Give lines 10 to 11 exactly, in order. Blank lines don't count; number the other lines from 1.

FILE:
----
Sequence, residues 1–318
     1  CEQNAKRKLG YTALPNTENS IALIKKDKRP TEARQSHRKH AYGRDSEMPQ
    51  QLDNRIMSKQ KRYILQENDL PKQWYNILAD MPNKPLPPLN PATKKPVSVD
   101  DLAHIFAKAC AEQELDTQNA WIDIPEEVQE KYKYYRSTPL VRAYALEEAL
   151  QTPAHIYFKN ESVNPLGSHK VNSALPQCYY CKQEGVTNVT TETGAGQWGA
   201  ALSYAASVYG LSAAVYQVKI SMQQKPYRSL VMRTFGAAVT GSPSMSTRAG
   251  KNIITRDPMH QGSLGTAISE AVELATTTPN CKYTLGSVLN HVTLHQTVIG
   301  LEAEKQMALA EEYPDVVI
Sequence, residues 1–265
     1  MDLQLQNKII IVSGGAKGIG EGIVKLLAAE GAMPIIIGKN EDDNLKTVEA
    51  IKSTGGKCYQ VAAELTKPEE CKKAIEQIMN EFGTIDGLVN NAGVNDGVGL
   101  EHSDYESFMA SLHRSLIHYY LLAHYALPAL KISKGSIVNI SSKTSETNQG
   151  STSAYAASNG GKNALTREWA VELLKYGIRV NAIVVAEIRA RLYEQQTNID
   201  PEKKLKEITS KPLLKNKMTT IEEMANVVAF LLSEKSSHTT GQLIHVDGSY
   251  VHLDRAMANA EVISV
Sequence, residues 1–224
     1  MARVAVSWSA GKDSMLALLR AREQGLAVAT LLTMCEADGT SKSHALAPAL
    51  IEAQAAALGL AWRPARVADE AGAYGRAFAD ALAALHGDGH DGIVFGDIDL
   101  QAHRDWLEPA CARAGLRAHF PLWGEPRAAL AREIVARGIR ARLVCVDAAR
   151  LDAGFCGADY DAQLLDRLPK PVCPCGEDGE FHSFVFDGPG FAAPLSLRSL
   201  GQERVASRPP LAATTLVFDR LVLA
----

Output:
     1  MDLQLQNKII IVSGGAKGIG EGIVKLLAAE GAMPIIIGKN EDDNLKTVEA
    51  IKSTGGKCYQ VAAELTKPEE CKKAIEQIMN EFGTIDGLVN NAGVNDGVGL